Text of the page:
Penny J. had “serious doubt” about the correctness of Luxtona 2018 insofar as its decision allowed new evidence not before the Tribunal to be considered by a reviewing court. On this issue, Penny J. directed the parties to be prepared at the main application reviewing the Interim Award to “reargue the narrow question of whether new evidence, which does not meet the test for new evidence under Ontario law, is admissible on a court review of an arbitral tribunal’s jurisdiction under Article 16(3) of the Model Law.”[8]

Test for Admissibility of Expert Evidence

Citing Marquand, the ONSC found that expert evidence is admissible where: (1) the expert witness has special knowledge and experience going beyond that of the trier of fact; and (2) the expert attests to or testifies on oath that he or she has a duty to be fair, objective, and non-partisan, and is able and willing to comply with that duty.[9] Where that is the case, the burden shifts to the party opposing the evidence to show that the expert is unable or unwilling to comply with that duty.

Application to the Facts

Russian law was obviously beyond the knowledge and experience of the ONSC.[10] The ONSC held that Dr. Stephan also recognized his duty to provide opinion evidence that was fair, objective, and non-partisan. The issue then was whether Dr. Stephan was “unable or unwilling” to comply with his duty.[11]

Russia argued that Dr. Stephan’s evidence should be excluded because he had:

  • acted on behalf of Yukos-related entities in at least 11 matters since 2005;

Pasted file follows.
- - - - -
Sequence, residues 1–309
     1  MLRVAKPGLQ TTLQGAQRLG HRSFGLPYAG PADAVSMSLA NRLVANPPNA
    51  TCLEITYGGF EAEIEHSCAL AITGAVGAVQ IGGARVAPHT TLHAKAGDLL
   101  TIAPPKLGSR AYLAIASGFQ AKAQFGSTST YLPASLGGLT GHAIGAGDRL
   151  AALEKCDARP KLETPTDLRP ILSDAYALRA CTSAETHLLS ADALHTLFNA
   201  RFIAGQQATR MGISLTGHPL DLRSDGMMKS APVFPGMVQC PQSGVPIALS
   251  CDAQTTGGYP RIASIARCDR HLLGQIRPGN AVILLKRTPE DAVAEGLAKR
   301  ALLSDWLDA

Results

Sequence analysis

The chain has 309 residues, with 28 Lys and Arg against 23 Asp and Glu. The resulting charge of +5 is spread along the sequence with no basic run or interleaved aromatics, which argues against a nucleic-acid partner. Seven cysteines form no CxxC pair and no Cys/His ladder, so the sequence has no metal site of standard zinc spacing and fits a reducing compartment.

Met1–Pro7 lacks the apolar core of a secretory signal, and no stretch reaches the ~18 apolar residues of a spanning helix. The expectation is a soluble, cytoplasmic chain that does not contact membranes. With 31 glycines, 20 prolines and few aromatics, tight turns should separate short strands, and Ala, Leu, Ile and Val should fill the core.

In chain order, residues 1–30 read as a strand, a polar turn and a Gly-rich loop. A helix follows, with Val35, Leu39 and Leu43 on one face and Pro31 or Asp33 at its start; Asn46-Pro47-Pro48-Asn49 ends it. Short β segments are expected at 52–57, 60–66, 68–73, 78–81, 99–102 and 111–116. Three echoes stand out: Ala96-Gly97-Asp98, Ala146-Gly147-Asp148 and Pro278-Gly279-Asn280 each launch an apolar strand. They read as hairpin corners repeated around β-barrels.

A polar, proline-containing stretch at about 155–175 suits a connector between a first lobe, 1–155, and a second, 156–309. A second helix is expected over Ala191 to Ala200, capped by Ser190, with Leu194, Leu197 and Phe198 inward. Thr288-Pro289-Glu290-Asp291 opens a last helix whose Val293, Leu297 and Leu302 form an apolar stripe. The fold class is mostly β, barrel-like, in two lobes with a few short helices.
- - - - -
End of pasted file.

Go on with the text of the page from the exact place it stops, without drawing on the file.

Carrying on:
• provided legal advice to Yukos and stated his support for Yukos’s cause against Russia;
  • provided assistance to Yukos entities in the enforcement of arbitral awards against Russia;
  • provided extensive advice on Russian tax and bankruptcy law issues to Yukos; and,
  • received substantial compensation from Yukos entities for his prior engagements.[12]

The ONSC ruled that inadmissibility requires a finding of actual bias, not merely an appearance of bias, and that Russia failed to demonstrate Dr. Stephan’s lack of independence.[13] Receiving payments from prior engagements with Yukos and its affiliates was not evidence of impartiality. Nor did Dr. Stephan have an inappropriate financial or personal interest in the arbitration or a stake in the litigation. His status as the “go to guy” for Yukos shareholders, without more, was more demonstrative of an accumulated expertise rather than partisanship.[14] Counter-balancing his strong public anti-Russian views were the facts that arbitral tribunals had made findings consistent with his statements and, more importantly, his role as a duty-bound expert witness at court was far removed from the academic position in which he made strident and colloquial comments. Dr. Stephan’s retainer did not lead to his beliefs, his beliefs led to his retainer.[15]

Russia’s second argument was that Dr. Stephan’s evidence should be excluded because he lacked qualifications, as evidenced by the facts that he:

  • was not a Russian lawyer, was not qualified to practice law in Russia, and had no degrees in Russian law or from any Russian university;
  • claimed expertise in a wide and disparate variety of topics, seemingly in response to whatever was required at the time; and
  • was not fluent in Russian.[16]